A rule of thumb for cameras is that more glass is better, so I’ve always been skeptical of those little bitty chips o’ glass in front of all those pocket-sized camera CCDs.
A while ago I took some shots with my Casio EX-Z850 at various resolutions, chopped out a chunk with some good detail from the middle of the images, and resized (cubic interpolation) the smaller ones to match the 8 MP image. The exposure was automagic: 1/200 sec at f/7.4. Zoomed as far as the optical zoom would go, hand-held ’cause at that shutter speed it’s OK, sharpness and contrast one click higher than the default.
As nearly as I can tell, there’s only a slight difference between 8 & 6 MP, enough to be noticeable at 4 MP, and it’s getting on toward icky at 2 MP. The picture isn’t any bigger because I wanted to preserve the actual dots in the 8 MP image.
Notice the weird color gradations in the shields with bright primary colors. This was hand-held, so the camera reached the same image conversion conclusions each time, starting with different physical pixels. A bit of rummaging turns up the Island Coffee Co logo at http://www.islandcoffee.net/.
Just to show that resolution doesn’t matter in real life, check out the snail. Zoomed all the way out, macro focus, 1/125 f/2.8 (wide open), hand held, resized as above.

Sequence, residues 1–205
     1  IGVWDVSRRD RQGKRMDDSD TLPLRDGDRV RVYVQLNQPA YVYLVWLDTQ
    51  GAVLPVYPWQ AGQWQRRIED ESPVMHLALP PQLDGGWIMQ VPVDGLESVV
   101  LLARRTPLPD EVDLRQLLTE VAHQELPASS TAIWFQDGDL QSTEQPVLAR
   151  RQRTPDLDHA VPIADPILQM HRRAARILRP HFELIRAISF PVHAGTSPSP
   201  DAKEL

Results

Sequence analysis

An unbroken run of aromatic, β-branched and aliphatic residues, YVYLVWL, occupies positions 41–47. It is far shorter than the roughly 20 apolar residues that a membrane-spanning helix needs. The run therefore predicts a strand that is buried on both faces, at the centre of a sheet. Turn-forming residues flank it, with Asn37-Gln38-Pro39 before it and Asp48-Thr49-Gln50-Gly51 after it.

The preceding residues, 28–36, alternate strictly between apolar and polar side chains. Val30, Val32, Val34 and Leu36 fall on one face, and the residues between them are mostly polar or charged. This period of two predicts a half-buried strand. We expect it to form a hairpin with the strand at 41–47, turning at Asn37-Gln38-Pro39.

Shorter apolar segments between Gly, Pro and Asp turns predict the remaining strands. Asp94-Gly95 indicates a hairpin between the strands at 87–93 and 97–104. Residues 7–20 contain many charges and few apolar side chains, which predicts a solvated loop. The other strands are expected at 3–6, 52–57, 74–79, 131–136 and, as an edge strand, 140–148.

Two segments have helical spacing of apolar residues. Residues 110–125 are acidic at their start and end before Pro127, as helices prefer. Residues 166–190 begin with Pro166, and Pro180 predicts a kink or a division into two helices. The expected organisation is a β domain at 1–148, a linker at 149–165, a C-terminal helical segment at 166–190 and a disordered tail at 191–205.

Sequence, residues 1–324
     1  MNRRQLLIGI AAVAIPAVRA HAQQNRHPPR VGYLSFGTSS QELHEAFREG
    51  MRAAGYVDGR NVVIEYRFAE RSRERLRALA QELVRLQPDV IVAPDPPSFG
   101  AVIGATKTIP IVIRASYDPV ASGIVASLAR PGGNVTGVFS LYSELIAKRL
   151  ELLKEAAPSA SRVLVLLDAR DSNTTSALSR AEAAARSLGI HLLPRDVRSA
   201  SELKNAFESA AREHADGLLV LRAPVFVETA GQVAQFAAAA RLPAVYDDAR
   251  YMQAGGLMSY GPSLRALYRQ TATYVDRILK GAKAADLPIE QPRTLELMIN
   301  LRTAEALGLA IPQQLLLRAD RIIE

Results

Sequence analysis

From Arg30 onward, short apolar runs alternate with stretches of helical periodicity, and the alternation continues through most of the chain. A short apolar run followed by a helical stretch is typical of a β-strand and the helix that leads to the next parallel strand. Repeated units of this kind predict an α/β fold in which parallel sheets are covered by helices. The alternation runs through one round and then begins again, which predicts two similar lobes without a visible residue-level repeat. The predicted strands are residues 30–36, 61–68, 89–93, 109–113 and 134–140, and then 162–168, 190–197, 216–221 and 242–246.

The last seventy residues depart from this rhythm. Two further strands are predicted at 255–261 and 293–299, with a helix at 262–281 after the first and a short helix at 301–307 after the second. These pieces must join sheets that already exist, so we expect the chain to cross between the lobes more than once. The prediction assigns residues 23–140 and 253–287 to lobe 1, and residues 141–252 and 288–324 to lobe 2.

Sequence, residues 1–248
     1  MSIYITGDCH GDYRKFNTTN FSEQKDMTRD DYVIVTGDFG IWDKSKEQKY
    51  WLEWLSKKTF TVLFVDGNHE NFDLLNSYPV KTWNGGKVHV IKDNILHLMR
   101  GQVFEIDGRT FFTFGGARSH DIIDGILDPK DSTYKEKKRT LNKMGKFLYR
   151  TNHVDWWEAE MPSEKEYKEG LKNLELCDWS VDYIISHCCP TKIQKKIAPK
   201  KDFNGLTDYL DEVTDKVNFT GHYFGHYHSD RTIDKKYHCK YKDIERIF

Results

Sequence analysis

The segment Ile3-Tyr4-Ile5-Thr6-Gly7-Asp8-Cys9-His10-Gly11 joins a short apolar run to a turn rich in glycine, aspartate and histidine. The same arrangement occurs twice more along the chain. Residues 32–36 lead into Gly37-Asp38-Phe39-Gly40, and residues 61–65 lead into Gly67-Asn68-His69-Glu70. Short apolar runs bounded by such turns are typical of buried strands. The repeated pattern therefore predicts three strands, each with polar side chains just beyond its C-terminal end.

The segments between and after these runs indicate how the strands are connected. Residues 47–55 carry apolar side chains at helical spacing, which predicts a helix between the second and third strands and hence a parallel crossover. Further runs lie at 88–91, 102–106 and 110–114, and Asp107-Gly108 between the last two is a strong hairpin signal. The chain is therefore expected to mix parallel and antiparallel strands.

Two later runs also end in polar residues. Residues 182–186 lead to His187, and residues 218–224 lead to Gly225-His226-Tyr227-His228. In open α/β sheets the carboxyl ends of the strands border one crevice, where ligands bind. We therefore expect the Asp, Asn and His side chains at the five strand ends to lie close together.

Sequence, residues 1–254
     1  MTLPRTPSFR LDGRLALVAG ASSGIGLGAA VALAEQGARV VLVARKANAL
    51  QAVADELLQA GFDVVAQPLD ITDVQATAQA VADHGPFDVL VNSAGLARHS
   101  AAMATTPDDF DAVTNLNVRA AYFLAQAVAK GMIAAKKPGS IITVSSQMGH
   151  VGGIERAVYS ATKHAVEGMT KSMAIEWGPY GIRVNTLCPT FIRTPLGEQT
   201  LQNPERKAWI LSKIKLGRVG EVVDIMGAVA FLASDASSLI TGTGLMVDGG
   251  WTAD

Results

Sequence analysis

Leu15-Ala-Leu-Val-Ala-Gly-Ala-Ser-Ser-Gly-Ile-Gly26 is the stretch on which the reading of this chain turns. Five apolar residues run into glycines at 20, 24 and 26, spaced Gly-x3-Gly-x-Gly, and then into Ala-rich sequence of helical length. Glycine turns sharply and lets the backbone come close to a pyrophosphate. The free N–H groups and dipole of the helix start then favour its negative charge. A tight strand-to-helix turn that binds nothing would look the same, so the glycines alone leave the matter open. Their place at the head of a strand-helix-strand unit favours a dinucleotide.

As nearly as I can tell, the 2 MP image is the only one that’s noticeably worse and it’s still just fine. The other three are different, but even the 2 MP one isn’t bad.
Moral of the story: lots o’ dots is good, but beyond a few MP it just doesn’t matter. I think 4 MP is the sweet spot, based on an entirely insufficient sample, with 8 MP if you’re planning tight cropping. Otherwise, save 2 MB per image: 8 MP -> 4-5 MB, 4 MP -> 2-3 MB.
The other High Truth: lots of light is a Good Thing. You get really crappy pictures when there’s not enough light, but it seems that’s where all the interesting stuff happens.
Update: Uploaded the PNG version of the shield resolution test, as the JPG was fairly crappy, plus 8 MP overviews of the scenes. The text is antialiased and looks awful when you zoom in, but the whole point is to show the actual dots produced by the camera: there aren’t that many dots for the letters.